Rarely seen today, a commoner's example with carved, bone hilt.
With carved horn hilt and characteristic finger guard.
Signed: Ricky Milnes, India 44, Burma 44, Ramree 45.
Of nice quality, with unusual openwork silver bolster with serapendiya.
With a narrow blade of impressive thickness. Attributable to the Bundelkhand area.
Of a style often associated with Tanjore, the seat of the Vijayanagara empire.
Of the chopper variety, with a finely carved ivory hilt.
This peculiar sword was used by the Garo people of Assam for fighting, clearing the jungle, and animal sacrifices.
A beautiful black coral hilted example, made in the King's workshops.
The hilt is in the typical Marwari Rajput style, made by Ram Namar in 1857 A.D.
Fine Indian kard with gilt copper alloy hilt, decorated with chiseled flowers.
Somewhat worn but once very high-quality, with great sculptural qualities and remains of silver "true inlay".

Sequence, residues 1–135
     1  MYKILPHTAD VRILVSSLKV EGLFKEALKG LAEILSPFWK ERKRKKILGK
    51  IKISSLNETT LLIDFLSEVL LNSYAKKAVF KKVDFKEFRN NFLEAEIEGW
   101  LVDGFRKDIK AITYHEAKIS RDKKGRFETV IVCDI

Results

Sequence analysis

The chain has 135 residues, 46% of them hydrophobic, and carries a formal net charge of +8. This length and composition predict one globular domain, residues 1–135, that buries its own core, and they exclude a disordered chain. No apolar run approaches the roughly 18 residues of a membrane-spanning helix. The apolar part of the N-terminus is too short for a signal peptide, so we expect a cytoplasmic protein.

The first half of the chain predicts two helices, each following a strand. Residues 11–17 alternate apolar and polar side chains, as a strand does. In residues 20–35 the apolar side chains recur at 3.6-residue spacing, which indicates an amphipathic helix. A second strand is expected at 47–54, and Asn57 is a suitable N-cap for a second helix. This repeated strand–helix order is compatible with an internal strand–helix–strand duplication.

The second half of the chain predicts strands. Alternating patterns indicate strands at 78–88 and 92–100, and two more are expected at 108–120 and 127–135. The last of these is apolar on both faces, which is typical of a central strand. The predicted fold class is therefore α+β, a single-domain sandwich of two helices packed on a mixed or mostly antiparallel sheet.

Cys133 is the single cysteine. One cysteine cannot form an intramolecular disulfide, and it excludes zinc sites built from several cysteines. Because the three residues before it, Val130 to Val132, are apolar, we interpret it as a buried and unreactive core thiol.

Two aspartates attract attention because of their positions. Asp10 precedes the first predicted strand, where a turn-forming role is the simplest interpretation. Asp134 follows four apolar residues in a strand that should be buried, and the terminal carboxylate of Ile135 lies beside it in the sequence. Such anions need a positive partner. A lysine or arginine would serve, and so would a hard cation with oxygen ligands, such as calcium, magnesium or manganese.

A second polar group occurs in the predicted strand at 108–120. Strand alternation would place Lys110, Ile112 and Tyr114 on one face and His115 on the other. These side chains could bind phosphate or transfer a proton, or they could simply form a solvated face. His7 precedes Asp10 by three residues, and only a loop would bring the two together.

Its hilt overlaid with thick silver, then fire-gilt.
These mysterious weapons were already obsolete when the first ethnographers encountered them.
All the designs being true inlay, with almost no losses.
With wootz blade and the jade hilt set with small rubies.
An early fighting piece with strong reinforcing langet and broad, cobra shaped tip.
With designs of animals, often attributed to Lucknow, north India.
A large example in excellent state of preservation.
Nice and complete with opaque green hilt and scabbard mounts.
The style typical of Kutch, the execution far above what is normally seen on work from that area.